James Bromwich, The Roman Remains of Southern France. A Guidebook. London and New York: Routledge, 1993. Pp. xvi + 309; index, 94 figures, 41 plates.
Reviewed by Ralph Mathisen, University of South Carolina.
The key to understanding and appreciating this book lies in accepting it on its own terms. The author states (p.1), "This guidebook is not an academic study." Truer words were never spoken. But in spite of the author's caveat -- given that BMCR is an academic review -- I shall at least give some overview of the book from an academic point of view.
What this is is a largely undocumented guidebook-cum-travelogue. The author -- whose biography and credentials are nowhere cited, not even on the dust jacket -- discusses his own personal choices (pp.1,3) of the Roman remains that are worth visiting. He begins by noting his personal disappointment that he could find no existing guidebooks of Roman ruins in southern France, but only "general books" and "individual guides to a limited number of sites" (p.xiii). He proposes to fill this need with this comprehensive description of some seventy Roman sites in "the 'south'", which he defines as the Languedoc-Roussillon, Provence, and Cote d'Azur regions.
The book begins with a brief historical summary of the period c.650 BC - AD 470s (pp.5-11), which is followed by a Chronological Table (pp.13-15). The bulk of the remainder of the book (pp.17-292) consists of descriptions of the sites. For many sites, a discussion of the historical development of the site is given. This is followed by individual descriptions of particular monuments. Finally, museums are described in detail, down to the contents of particular rooms. The hours of both sites and museums are given as of the time of the author's visits; but admission prices are not: "they change more often [than the hours of operation]" (p.4). This section is followed by a glossary (pp.293-297). It is in the historical commentary that one finds the primary flaw in this book, for it is marred by numerous errors of both fact and omission. In the introductory historical overview, for example, the author tells of the abandonment of the oppida (p.8), but has no discussion of formation of civitates (which are discussed in the glossary, p.294) or their role in the Roman scheme, even though he notes that "in southern France romanisation is dominated by the city" (p.1). The discussion of Gaul during the Roman Empire has no mention at all of the Gallic Empire of Postumus (AD 259-268). The activities of emperors such as Constantius, Julian, and Valentinian I in Gaul are omitted. The settlement of the Visigoths in Aquitania is mistakenly dated to "the 420s" (p.11).
The book also is replete with egregious and inexplicable chronological errors of the most fundamental sort. Take the chronological table on pp.14-15 -- which seems to have been compiled by someone oblivious to the text. It has the Gallic Wars of Caesar beginning in 57 BC, whereas the text (p.7) gives the correct date of 58 BC. The "Victory of Caesar" is given as 49 BC. The reigns of Caligula and Claudius are given as AD 37-42 and 42-54 (rather than 37-41 and 41-54). The Civil War under Severus ends in AD 194 (rather than AD 197, which already had been given on p.9!). The years AD 96-192 are called "The Adoptives" (Commodus [180-192], of course, was not adopted). Sidonius Apollinaris is given the years "AD 432-80?" here, but "c.430-80" on p.11. Perversely, however, the table gives the correct date of 60 BC for the First Triumvirate, but 59 BC is given in the text (p.7), and the correct date for the deposition of Romulus Augustus (AD 476), whereas the text (p.10) gives a date of AD 474. Elsewhere, one encounters similar errors, e.g. the 1st and 2nd Punic Wars dated to 261-244 BC and 219-202 BC. Indeed, not a single date or historical comment should be accepted without some outside confirmation (an attribute this book shares with the Historia Augusta).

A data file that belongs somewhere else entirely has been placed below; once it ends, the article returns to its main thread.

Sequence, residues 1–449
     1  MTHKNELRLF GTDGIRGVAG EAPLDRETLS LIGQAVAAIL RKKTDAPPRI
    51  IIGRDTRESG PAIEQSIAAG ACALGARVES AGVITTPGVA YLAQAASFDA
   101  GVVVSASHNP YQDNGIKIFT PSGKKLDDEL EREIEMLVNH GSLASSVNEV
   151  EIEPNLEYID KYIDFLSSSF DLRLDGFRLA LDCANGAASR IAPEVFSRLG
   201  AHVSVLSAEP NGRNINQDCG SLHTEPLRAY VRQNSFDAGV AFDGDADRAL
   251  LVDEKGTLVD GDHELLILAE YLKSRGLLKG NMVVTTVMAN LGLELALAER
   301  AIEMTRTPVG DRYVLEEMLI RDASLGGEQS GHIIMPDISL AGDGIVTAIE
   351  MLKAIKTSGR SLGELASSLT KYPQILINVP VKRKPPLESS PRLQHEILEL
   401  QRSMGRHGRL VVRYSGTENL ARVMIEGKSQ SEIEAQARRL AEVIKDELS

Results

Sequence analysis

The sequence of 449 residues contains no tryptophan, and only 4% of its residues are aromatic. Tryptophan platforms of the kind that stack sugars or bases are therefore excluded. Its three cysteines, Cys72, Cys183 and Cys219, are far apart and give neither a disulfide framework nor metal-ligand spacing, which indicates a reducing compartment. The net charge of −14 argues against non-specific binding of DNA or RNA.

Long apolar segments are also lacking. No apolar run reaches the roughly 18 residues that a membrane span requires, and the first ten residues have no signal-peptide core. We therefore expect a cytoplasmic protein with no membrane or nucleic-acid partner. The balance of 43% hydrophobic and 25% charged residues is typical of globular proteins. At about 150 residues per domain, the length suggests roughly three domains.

The author also pays little attention to the existing scholarship on either Roman Gaul in general or individual sites in particular. The individual entries only rarely (e.g. pp.66, 140, 223-4) contain any references to any of the scholarship on any of the items or sites discussed. In a very brief introductory bibliographical excursus (p.4), the author cites only Rivet's Gallia Narbonensis, King's Roman Gaul and Germany, Cunliffe's Greeks, Romans, and Barbarians, and MacKendrick's Roman France. A seven- page bibliography at the end of the book lists both general books and references to specific sites.